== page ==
Bessie Wilson - Our Aunt

SOME PEOPLE might have classified Bessie as queer, but she was not. She was an unbending, strong-willed individualist who believed completely in people doing right whether it concerned their daily living or letting alone the pears on her pear tree. If one did wrong, he or she received severe censure from Bessie both orally and physically if she was able to get her hands on the culprit.
 
Bessie was a powerhouse of stamina, courage, faith, endurance, sincerity and rage if imposed upon. She attended strictly to her own business. In fact, an almost impenetrable wall of isolation seemed to surround her at times. She allowed no meddling from anyone. The only person that could in any degree cause Bessie to reteat from a chosen conviction was my mother. Any deviation from her chain of thought only occurred because Bessie loved her sister, Nannie, so dearly. After the death of my father, Bessie gallantly came forward to do what she could to help Sister Nannie rear her fatherless brood.
 
Bessie was tall and angular in build. She never seemed to gain an ounce of weight no matter how much fattening food she consumed. She never considered her boiled greens to be just right until tiny strips of fat meet were laid across them in criss-cross fashion. Cabbage was cooked with slices of fatback or a chunk of streak or lean/streak of fat. Her famous and delicious corn cakes were fried in shortening. Bessie copiously and constantly used fats, but the marvel was that never a bit of it was added to her lean frame. Her weight never changed.
 
To us, Bessie was perennially young. We all knew that she was our mother’s youngest sister and much older than my mother’s oldest child. But when it came to her spirit and ability to do things, she seemed almost as young as any member of the family. If Mother wanted someone to do climbing, Bessie would ascend a ladder with the agility of a sixteen-year-old.
 
Bessie loved to play ball, and I always sat entranced as she would tell of her prowess as a ball player. Her eyes flashed and sparkled as she described going to her club’s picnic, playing baseball and winning. She would say with pride, "I slammed that ball way down in the field and made my home run." Few women could match Bessie when it came to batting and running for home base.
 
Boys who had the nerve to venture into her backyard to snitch pears from her pear tree knew that Bessie was no ordinary runner, and they took heed of this fact.
 
If Bessie spied the culprits, she would start for them. Some boys might see her and call, "Here she comes!" Then you’d see boys drop from the pear tree like falling meteors and fly with Bessie in hot pursuit. Sometimes she would seize a tree limb as she went along to use in case she needed it, but boys knew better than to let Bessie catch up with them. She maintained her ability to move fast and be very agile until she had reached a ripe old age.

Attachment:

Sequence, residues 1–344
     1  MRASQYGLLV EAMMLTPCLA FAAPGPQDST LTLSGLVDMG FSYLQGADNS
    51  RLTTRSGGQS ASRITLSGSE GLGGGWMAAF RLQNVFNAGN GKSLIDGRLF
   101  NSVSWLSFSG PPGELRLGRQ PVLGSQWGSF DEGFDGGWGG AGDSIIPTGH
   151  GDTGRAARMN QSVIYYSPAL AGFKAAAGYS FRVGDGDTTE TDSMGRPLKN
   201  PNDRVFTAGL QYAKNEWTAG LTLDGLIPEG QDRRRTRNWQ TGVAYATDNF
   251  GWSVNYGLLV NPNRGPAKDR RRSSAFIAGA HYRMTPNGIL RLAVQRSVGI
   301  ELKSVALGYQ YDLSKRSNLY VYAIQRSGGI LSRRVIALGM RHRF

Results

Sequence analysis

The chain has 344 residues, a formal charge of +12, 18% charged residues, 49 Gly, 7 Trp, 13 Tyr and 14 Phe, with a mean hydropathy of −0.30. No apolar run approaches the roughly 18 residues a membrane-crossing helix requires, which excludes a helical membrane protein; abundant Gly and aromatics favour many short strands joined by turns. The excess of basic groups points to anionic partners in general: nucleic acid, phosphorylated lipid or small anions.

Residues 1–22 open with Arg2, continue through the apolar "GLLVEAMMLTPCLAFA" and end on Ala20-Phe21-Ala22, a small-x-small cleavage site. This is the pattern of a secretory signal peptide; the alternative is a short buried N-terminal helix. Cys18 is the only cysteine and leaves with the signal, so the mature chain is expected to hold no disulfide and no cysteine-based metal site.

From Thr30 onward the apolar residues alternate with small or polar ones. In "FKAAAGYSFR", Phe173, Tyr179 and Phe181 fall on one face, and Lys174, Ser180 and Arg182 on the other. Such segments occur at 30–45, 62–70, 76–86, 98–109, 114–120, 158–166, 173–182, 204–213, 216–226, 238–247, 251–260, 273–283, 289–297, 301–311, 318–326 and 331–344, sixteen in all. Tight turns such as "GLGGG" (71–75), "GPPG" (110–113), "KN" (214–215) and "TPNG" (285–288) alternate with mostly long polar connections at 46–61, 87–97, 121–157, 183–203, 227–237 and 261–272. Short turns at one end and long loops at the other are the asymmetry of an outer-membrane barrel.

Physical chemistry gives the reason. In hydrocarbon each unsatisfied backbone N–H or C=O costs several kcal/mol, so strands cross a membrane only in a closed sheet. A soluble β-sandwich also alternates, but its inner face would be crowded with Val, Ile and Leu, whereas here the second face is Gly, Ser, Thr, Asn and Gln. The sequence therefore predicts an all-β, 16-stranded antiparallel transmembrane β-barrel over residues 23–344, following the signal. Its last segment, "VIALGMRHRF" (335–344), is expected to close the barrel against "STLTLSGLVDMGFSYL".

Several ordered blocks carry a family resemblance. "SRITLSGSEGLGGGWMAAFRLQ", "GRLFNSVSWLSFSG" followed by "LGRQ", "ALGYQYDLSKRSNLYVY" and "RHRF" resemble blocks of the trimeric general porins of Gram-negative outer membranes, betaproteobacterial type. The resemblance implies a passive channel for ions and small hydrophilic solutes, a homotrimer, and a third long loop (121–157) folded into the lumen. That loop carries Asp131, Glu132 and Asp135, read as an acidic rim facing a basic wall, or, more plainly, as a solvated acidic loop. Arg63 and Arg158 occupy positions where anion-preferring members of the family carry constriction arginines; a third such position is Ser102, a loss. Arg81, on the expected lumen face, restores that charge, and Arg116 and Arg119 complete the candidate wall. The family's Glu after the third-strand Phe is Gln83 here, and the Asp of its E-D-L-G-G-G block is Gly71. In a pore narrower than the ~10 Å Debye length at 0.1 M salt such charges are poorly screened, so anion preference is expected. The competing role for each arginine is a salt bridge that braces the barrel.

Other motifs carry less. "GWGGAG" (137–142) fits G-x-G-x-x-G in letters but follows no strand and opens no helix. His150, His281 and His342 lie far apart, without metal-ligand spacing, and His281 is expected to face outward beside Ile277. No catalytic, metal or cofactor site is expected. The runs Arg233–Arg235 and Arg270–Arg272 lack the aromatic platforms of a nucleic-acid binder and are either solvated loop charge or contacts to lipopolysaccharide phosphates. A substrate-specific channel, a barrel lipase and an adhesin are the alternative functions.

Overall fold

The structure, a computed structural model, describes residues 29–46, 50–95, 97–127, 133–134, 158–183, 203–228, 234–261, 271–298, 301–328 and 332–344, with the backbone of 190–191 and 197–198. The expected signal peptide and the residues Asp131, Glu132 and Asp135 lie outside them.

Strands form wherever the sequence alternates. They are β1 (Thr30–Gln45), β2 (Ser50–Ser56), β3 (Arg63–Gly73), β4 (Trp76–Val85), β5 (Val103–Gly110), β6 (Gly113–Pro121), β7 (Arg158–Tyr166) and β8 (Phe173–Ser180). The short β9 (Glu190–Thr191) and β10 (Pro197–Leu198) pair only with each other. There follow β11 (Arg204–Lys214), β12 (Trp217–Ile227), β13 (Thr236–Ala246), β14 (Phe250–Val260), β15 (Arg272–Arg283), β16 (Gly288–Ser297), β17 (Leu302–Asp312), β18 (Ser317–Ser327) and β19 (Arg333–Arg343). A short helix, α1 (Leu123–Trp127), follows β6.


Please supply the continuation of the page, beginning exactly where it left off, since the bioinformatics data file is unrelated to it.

Bessie was an excellent cook. I have often regretted that I didn’t get her recipe for corn cakes while she was well. No one has ever been able to cook such delicious ones. Few days ever passed without my going to Bessie’s house. She was our wall of strength, a refuge in time of need. Sometimes when Mother was away, I would come from school awfully hungry, stop by Bessie’s house and ask, "What you got good today, Bessie?" If she had a plan of fried spots and several of her tiny corn cakes on the back of her iron range, I was delighted. I knew that I was sure to enjoy a good feast.
 
I always remember with joy Bessie’s Christmas dinners. They were a family institution that flowed like a river from one year into the next. A certain amount of continual planning seemed to go on. For example, if during the summer she happened to chance upon a thick log of wood that looked as if it would make an excellent back log for her grate fire, it was carefully stored away out of the weather in preparation for later use.
 
Our family always made it a habit to eat dinner around our own festive table on Christmas Day, and Bessie usually ate with us. However, on any day afterwards during the Christmas season, we could look for the invitation to come to Bessie’s house for her Christmas dinner for the family.
 
She planned her tasty menu for days ahead of time. The door to her dining room would be closed and off limits for several days. In this room she stored the things to be used for the dinner.
 
Sometimes a friend who cooked well was asked to come and assist her in serving or to do certain assigned duties. Nevertheless, she alone took care of the final touches such as seeing that the gravy was the right consistency and that the turkey was tender and browned all over. Few people in our section served turkey at any time except on the important holidays such as Christmas and Thanksgiving. Since these birds were somewhat of a rare dish, the turkey meat and the rich corn bread stuffing had to be just right.